Reuters: Iran has until the Group of Eight (G8) summit in mid-July to consider an offer of incentives to suspend its nuclear enrichment program, Austrian Chancellor Wolfgang Schuessel was quoted as saying on Friday. By Louis Charbonneau
BERLIN (Reuters) – Iran has until the Group of Eight (G8) summit in mid-July to consider an offer of incentives to suspend its nuclear enrichment program, Austrian Chancellor Wolfgang Schuessel was quoted as saying on Friday.
Asked what would happen if Iran did not accept the offer, Schuessel, whose country holds the rotating presidency of the European Union, told the Frankfurter Allgemeine Zeitung: “This will be discussed within the framework of the G8. Iran has until the world economic summit in July to think it over.”
His comments represent the first clear deadline for Iran to respond to the offer, prepared by Germany, France and Britain and backed by the EU, United States, Russia and China. The G8 summit will be held in St. Petersburg, Russia on July 15-17.
An EU diplomat told Reuters that the 25-nation bloc’s foreign policy chief, Javier Solana, who brought the offer to Iran earlier this week, did not set any deadline for a response.
But European and U.S. officials have made it clear they would not wait months for an Iranian response to the offer of civilian nuclear technology, security guarantees and other benefits if Iran freezes nuclear fuel production.
It also threatens Iran with economic and political sanctions if it rejects the offer.
Tehran says it wants only to produce low-enriched uranium to generate electricity. But many countries suspect Iran, the world’s fourth-biggest oil producer, seeks to purify uranium to the extremely high levels needed to fuel atomic weapons.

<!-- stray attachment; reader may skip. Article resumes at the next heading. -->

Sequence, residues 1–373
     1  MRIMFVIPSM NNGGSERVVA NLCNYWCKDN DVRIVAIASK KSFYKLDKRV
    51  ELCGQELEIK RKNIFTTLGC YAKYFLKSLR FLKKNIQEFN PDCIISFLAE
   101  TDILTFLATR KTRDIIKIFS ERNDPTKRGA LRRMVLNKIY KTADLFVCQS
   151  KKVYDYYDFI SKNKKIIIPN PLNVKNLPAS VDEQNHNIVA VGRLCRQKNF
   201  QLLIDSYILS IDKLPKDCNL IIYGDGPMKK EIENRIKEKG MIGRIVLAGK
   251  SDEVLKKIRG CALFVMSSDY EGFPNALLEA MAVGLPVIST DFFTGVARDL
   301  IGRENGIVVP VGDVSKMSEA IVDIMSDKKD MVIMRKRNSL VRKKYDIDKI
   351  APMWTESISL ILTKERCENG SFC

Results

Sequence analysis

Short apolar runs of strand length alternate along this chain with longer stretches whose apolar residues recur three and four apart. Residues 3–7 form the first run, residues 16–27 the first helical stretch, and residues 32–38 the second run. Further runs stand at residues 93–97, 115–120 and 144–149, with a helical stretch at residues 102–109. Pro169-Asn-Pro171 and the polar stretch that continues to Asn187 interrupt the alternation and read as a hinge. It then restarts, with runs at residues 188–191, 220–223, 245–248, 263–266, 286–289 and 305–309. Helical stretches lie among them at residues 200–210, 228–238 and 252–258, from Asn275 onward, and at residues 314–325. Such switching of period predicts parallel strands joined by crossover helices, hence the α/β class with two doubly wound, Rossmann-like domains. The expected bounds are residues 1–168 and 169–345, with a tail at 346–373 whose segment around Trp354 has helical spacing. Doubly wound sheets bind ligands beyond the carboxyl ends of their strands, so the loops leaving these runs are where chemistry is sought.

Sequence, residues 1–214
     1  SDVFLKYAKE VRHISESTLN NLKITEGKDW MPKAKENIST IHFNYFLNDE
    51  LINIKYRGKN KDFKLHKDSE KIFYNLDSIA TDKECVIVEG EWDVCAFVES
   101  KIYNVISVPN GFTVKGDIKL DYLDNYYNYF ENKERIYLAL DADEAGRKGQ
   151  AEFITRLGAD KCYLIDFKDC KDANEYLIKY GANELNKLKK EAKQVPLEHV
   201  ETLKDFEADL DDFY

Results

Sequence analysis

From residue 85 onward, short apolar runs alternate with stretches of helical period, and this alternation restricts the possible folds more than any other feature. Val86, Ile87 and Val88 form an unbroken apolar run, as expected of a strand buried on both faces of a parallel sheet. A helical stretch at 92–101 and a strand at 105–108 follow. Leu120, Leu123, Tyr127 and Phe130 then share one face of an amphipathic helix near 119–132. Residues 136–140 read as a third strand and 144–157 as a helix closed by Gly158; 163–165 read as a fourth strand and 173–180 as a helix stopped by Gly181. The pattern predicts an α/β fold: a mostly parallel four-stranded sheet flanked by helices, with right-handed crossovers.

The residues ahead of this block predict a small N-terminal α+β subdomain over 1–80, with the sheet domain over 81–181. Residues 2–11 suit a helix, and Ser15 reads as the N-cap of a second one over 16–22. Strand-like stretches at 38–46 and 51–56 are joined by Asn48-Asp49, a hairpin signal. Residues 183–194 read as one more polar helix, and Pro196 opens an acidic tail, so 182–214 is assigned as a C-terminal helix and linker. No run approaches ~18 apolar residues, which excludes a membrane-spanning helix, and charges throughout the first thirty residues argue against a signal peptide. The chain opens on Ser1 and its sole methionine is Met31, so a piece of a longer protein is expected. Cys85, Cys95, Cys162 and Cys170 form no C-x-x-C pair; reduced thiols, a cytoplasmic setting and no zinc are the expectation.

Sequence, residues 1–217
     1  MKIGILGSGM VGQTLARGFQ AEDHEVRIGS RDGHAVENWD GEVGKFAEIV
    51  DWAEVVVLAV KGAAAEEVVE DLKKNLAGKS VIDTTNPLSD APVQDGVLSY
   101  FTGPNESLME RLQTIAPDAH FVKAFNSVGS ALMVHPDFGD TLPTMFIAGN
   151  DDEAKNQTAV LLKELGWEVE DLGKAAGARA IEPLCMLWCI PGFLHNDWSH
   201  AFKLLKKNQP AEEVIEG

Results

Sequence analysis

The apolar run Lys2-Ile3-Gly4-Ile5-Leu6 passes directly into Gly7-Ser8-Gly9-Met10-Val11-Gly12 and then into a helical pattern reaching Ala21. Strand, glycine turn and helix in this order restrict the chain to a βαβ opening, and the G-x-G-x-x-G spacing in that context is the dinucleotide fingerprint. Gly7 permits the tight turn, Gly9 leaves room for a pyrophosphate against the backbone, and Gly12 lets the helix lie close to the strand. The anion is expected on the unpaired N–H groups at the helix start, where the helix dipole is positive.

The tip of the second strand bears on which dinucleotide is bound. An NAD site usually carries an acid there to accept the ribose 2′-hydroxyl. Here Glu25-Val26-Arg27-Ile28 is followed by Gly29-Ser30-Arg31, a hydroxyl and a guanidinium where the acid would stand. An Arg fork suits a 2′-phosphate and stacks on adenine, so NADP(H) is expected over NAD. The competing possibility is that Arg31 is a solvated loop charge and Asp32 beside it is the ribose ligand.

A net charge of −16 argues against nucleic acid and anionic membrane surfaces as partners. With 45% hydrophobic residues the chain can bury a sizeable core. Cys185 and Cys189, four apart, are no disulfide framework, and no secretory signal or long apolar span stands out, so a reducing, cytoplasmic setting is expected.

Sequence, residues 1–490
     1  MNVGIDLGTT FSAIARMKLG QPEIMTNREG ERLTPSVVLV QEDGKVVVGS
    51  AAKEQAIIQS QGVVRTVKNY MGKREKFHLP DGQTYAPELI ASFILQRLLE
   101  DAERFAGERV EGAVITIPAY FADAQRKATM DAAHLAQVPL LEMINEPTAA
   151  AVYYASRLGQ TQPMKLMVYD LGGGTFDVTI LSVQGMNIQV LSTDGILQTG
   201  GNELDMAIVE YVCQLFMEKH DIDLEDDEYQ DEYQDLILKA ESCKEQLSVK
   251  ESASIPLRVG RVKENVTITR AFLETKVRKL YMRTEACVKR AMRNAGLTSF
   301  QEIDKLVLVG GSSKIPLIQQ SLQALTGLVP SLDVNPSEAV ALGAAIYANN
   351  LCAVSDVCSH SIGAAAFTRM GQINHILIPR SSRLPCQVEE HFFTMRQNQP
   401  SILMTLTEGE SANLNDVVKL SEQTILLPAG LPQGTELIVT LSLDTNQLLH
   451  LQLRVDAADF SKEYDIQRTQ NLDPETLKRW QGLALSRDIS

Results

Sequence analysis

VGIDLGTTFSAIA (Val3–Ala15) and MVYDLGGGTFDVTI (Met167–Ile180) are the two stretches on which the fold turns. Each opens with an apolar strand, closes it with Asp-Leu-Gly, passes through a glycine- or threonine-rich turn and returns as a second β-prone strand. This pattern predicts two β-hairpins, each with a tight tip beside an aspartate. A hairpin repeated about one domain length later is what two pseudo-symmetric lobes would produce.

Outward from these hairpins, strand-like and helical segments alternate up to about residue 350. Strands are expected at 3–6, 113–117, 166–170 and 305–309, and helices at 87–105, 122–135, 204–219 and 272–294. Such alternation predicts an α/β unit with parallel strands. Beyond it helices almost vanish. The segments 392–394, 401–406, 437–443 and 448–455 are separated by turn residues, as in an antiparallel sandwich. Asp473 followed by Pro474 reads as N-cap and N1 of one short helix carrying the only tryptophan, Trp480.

Schuessel said that it was important to think of Iran in terms of a larger context and not to focus on the idea of preventing a single country from developing atomic weapons.
“It’s not just a question of Iran, but a host of other countries which stand on the threshold of a nuclear technology that can ultimately lead to nuclear weapons — 10 countries and Iran is the first,” he said.
But he said that Iran had an obligation to demonstrate that its nuclear ambitions are peaceful as it says they are.
“If the Iranian leaders are serious about not wanting nuclear weapons, then they should support this with facts. That’s relatively easy to do,” Schuessel said.
He added that the international community needed to urgently come up with a way of bolstering the non-proliferation regime.
“We need international concepts, whereby one could enrich uranium under international oversight and supervision,” he said, echoing an idea long championed by the U.N.’s nuclear watchdog chief, Mohamed ElBaradei.
(Additional reporting by Paul Taylor in Brussels)